We will not be using a textbook this semester, but rather a task-sequence adopted for IBL. The task-sequence that we are using was written by me. Any errors in the notes are no one’s fault but my own. In this vein, if you think you see an error, please inform me, so that it can be remedied. I reserve the right to modify them as we go, but I will always inform you of any significant changes. The notes will be released incrementally. Each link below is to a PDF file.

- An Introduction to Proof via Inquiry-Based Learning (complete set of notes)
- Title Page and Front Matter
- Chapter 1: Introduction
- 1.1 What is This Course All About?
- 1.2 An Inquiry-Based Approach
- 1.3 Your Toolbox, Questions, and Observations
- 1.4 Rules of the Game
- 1.5 Structure of the Notes
- 1.6 Some Minimal Guidance

- Chapter 2: Mathematics and Logic
- 2.1 A Taste of Number Theory
- 2.2 Introduction to Logic
- 2.3 Negating Implications and Proof by Contradiction
- 2.4 Introduction to Quantification
- 2.5 More About Quantification

- Chapter 3: Set Theory and Topology
- 3.1 Sets
- 3.2 Power Sets and Paradoxes
- 3.3 Indexing Sets
- 3.4 Topology of $\mathbb{R}$

- Chapter 4: Three Famous Theorems
- 4.1 The Fundamental Theorem of Arithmetic
- 4.2 The Irrationality of $\sqrt{2}$
- 4.3 The Infinitude of Primes

- Chapter 5: Induction
- 5.1 Introduction to Induction
- 5.2 More on Induction
- 5.3 Complete Induction

- Chapter 6: Relations (currently only Sections 6.1-6.3)
- 6.1 Relations
- 6.2 Equivalence Relations
- 6.3 Partitions
- 6.4 Order Relations

- Chapter 7: Functions
- 7.1 Introduction to Functions
- 7.2 Compositions and Inverses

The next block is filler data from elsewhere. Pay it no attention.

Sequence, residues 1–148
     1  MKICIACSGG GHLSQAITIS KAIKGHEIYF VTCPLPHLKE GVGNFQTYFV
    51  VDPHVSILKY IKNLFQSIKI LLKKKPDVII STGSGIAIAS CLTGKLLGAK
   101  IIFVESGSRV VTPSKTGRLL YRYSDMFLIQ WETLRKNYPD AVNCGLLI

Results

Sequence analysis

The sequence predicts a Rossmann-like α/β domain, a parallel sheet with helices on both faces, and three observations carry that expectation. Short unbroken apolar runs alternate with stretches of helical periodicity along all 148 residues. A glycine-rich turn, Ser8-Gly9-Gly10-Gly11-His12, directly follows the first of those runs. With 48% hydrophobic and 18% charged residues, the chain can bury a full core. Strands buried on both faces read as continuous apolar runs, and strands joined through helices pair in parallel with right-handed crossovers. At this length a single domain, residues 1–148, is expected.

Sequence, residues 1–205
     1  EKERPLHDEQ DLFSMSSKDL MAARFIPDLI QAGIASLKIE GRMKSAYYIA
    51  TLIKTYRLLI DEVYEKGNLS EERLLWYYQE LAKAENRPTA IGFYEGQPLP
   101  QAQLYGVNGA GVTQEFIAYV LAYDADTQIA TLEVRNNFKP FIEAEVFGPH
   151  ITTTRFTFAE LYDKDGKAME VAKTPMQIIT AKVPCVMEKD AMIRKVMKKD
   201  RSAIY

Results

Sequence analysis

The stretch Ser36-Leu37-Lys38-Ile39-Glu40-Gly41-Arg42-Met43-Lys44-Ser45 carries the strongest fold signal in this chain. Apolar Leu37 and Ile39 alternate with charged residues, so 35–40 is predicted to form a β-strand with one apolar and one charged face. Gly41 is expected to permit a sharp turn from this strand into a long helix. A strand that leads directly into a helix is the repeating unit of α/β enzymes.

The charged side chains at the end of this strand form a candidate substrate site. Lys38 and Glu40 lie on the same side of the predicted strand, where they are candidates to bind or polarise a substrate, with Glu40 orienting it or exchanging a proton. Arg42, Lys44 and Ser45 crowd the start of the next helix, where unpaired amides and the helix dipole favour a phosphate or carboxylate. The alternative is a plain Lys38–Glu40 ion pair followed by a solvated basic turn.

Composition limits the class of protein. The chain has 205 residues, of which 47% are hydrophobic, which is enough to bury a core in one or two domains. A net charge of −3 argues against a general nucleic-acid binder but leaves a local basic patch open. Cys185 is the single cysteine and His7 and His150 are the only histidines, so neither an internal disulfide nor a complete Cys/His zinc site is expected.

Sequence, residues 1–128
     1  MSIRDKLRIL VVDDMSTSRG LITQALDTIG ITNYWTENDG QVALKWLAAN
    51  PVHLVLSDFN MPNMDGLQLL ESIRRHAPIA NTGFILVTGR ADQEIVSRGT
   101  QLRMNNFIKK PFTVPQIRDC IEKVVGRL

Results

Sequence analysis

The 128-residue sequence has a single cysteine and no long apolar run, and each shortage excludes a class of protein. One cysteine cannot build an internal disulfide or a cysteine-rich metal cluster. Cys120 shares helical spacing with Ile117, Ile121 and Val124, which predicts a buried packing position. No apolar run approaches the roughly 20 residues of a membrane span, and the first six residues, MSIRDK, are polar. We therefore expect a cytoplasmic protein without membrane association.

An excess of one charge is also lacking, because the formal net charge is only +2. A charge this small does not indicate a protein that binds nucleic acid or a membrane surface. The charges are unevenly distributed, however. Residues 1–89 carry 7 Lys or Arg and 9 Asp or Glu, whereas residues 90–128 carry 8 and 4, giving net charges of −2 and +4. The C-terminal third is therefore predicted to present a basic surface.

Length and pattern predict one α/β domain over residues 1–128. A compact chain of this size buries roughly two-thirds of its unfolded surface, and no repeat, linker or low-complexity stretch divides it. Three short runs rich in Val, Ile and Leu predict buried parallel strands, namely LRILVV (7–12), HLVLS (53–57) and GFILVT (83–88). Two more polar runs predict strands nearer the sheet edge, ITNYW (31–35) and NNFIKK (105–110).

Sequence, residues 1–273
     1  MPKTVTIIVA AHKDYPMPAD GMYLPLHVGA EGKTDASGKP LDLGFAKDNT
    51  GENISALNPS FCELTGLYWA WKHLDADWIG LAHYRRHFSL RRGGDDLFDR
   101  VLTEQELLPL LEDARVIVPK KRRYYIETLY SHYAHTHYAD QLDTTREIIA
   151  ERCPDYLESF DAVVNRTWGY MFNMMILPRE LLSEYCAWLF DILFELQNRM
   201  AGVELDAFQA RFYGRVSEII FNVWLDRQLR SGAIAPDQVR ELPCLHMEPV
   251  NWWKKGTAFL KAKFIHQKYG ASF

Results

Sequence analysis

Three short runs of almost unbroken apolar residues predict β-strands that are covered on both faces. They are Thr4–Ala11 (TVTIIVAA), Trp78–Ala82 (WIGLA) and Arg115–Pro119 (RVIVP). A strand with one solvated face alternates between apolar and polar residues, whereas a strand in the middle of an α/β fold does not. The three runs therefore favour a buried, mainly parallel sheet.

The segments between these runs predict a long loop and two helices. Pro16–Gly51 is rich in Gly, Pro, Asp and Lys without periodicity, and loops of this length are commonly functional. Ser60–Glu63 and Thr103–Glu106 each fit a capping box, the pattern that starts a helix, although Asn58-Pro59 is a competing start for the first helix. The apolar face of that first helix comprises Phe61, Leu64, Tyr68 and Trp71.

- Chapter 8: Cardinality
- 8.1 Introduction to Cardinality
- 8.2 Finite Sets
- 8.3 Infinite Sets
- 8.4 Countable Sets
- 8.5 Uncountable Sets

- Appendix A: Elements of Style for Proofs
- Appendix B: Fancy Mathematical Terms
- Appendix C: Definitions in Mathematics

I will not be covering every detail of the notes and the only way to achieve a sufficient understanding of the material is to be digesting the reading in a meaningful way. You should be seeking clarification about the content of the notes whenever necessary by asking questions. Here’s one of my favorite quotes about reading mathematics.

Don’t just read it; fight it! Ask your own questions, look for your own examples, discover your own proofs. Is the hypothesis necessary? Is the converse true? What happens in the classical special case? What about the degenerate cases? Where does the proof use the hypothesis?

Below are links to each exam.

- Exam 1 (take-home). If you are interested in using LaTeX to type up your solutions, contact me and I will send you a link to the source file of the exam. (Due Monday, February 20)
- Exam 2 (take-home). If you are interested in using LaTeX to type up your solutions, contact me and I will send you a link to the source file of the exam. (Due Monday, April 3)
- Exam 3 (take-home). If you are interested in using LaTeX to type up your solutions, contact me and I will send you a link to the source file of the exam. (Due Wednesday, May 3)
*Note:*The original version of the exam contained a typo on Theorem E.2. As a result, you can skip Problem 4. - Final Exam (take-home). If you are interested in using LaTeX to type up your solutions, contact me and I will send you a link to the source file of the exam. (Due by 1pm on Friday, May 12)

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